Southern Roast Turkey with
Bourbon Peach Glaze
serves 15 plus leftovers
For the dish:
15-Pound WHOLE TURKEY fresh or frozen
1-1/2 Teaspoon salt
½ Teaspoon freshly ground black pepper
½ Cup peach preserves
2 Tablespoons bourbon
2 Teaspoons Angostura bitters
For the garnish:
5 pickled peaches
Flat Italian parsley sprigs
For the Turkey:
Remove giblets and neck from turkey; reserve for gravy. Rinse turkey with cold running water and drain well. Blot dry with paper towels. Sprinkle salt and pepper in the cavities of the bird. 3. Fold neck skin and fasten to the back with skewers. Fold the wings under the back of the turkey. Return legs to tucked position. Place turkey, breast side up, on a rack in a large shallow (no more than 2-1/2″ deep) roasting pan. Insert an oven-safe thermometer into thickest part of the thigh, being careful it does not touch the bone. Roast turkey in a preheated 325 degree F. oven about 3-3/4 hours. Baste with the pan juices. Meanwhile, in a small saucepan, over low heat, combine preserves, bourbon and bitters. Cook until preserves have melted. During the last 30 minutes of roasting time, baste the bird with the bourbon peach glaze. Continue to roast until the thermometer registers 180 degrees F. in the thigh, or 170 degrees F. in the breast. Remove turkey from the oven and allow the bird to rest for 15-20 minutes before carving. Place on a warm large platter and garnish with pickled peaches. Enjoy!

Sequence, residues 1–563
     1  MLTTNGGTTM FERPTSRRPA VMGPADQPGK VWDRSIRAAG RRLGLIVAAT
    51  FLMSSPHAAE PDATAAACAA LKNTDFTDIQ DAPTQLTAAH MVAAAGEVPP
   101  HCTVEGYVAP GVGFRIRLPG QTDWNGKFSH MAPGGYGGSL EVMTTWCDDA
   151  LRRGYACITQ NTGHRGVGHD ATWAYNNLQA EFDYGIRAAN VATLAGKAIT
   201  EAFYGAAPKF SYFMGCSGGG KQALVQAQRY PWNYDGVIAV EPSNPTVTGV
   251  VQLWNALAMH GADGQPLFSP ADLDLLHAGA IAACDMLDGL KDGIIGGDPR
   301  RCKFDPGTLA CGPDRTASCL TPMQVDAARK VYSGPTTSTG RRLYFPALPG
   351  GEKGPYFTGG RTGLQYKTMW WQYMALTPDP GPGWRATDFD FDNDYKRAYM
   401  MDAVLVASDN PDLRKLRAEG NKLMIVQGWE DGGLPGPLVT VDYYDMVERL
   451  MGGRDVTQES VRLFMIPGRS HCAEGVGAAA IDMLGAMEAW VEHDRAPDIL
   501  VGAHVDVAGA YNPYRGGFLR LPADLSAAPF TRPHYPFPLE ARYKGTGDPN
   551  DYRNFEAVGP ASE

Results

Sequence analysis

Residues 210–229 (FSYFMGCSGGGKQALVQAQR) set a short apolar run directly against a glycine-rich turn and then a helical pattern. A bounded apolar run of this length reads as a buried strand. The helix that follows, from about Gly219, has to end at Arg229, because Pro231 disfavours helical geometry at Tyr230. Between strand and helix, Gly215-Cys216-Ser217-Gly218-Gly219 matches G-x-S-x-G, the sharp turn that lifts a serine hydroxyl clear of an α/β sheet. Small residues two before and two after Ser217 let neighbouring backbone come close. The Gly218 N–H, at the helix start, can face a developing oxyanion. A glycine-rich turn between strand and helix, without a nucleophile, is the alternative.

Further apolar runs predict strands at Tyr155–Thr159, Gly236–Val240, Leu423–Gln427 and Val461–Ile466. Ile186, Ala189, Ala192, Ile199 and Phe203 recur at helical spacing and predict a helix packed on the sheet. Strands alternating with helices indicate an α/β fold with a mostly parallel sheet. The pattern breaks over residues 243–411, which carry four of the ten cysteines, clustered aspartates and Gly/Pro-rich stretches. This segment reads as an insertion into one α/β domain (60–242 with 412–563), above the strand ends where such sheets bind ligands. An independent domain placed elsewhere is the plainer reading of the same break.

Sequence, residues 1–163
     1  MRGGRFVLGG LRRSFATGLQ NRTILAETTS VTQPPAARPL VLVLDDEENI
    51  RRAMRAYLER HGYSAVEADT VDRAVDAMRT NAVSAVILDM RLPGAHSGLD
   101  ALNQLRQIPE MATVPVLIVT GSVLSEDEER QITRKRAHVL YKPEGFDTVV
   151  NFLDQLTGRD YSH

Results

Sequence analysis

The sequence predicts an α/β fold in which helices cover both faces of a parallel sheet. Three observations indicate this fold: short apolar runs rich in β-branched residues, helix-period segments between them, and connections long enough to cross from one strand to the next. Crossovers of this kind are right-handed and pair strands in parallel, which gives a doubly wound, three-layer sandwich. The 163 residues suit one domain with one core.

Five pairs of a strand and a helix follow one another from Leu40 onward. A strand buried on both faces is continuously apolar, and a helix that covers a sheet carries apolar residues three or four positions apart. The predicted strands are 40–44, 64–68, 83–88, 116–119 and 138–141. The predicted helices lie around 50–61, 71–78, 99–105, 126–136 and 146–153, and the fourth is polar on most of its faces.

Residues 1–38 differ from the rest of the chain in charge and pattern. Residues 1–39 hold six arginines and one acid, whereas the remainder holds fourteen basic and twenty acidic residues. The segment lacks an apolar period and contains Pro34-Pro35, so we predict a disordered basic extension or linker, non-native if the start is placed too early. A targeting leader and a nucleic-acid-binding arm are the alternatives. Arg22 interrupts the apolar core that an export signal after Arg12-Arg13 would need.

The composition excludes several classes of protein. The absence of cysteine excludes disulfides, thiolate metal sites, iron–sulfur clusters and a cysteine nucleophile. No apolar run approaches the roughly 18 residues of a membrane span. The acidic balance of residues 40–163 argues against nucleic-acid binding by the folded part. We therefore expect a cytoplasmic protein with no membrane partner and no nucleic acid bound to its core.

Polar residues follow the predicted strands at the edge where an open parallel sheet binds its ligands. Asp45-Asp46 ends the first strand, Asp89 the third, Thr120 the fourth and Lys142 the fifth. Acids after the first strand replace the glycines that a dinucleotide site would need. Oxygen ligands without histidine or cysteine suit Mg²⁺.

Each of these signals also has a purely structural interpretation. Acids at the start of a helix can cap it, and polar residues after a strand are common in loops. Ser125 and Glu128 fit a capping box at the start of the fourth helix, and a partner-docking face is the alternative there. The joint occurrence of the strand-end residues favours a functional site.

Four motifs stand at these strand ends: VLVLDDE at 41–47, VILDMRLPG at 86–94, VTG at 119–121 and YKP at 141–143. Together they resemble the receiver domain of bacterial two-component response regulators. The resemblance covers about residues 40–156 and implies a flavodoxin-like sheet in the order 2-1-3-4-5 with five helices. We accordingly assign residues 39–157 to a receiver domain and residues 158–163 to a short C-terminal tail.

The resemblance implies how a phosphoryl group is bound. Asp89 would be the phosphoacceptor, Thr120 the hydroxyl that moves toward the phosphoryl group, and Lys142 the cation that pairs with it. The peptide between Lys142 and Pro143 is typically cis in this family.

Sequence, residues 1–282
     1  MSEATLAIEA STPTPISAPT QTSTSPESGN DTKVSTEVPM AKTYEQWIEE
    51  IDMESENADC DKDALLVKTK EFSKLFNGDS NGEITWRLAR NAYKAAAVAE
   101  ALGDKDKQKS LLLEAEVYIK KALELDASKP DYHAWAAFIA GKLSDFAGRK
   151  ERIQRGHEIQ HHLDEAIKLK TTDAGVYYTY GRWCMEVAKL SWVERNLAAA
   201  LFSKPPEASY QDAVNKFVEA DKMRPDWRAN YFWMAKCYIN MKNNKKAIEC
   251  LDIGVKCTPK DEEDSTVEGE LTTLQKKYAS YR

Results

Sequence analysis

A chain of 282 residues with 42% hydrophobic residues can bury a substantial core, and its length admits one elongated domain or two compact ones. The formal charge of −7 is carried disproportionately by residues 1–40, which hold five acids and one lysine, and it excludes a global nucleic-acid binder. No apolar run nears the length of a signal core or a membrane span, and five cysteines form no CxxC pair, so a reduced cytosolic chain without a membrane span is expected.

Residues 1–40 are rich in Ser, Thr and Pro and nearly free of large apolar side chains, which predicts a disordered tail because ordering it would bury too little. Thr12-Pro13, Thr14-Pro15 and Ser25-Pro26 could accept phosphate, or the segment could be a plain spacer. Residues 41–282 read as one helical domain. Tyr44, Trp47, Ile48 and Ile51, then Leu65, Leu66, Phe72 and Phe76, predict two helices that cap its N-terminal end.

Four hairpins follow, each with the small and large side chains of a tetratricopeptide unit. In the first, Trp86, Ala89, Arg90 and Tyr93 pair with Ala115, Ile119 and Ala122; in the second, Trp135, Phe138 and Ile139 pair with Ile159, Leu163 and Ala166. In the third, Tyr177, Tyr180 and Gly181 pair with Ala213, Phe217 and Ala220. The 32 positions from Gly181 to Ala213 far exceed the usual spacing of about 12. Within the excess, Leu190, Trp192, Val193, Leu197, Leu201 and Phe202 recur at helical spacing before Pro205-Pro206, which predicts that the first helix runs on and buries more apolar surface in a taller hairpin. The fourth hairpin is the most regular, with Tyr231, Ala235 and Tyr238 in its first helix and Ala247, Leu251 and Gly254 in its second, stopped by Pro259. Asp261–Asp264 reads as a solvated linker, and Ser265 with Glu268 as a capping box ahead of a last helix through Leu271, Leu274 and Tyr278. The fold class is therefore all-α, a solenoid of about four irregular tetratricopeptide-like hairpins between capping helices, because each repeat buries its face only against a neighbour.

"My Choice of Wine"
The reason I went with a red wine is because I've realized that we're eating more than just turkey. There's the stuffing with sausage, and herbs, and nuts, and maybe even fruit. (Mrs. Chef Rob has been pushing those dried cherries lately.) There's the gravy. There are the sweet yams and sometimes even candied sweet potatoes, and of course, we can't forget the Brussels sprouts. Moreover, what if there's wine's most difficult culinary foe: the artichoke? It makes almost any wine bitter.
Bonny Doon, Grenache Village, Navarra Grenache ($10.99)
Deep ruby in color with beautifully long legs, the wine has a bright red berry/boysenberry nose. On the palate it delivers plenty of luscious flavor with distinctive notes of sweet plums and only the mildest of tannins. It's wonderfully fruity and finishes well.
Enjoy with the compliments of Chef Rob and the gang at The Pennsylvania School of Culinary Arts!
» Learn more about Culinary Arts/Restaurant Management at The Pennsylvania School of Culinary Arts - a Division of YTI Career Institute-Lancaster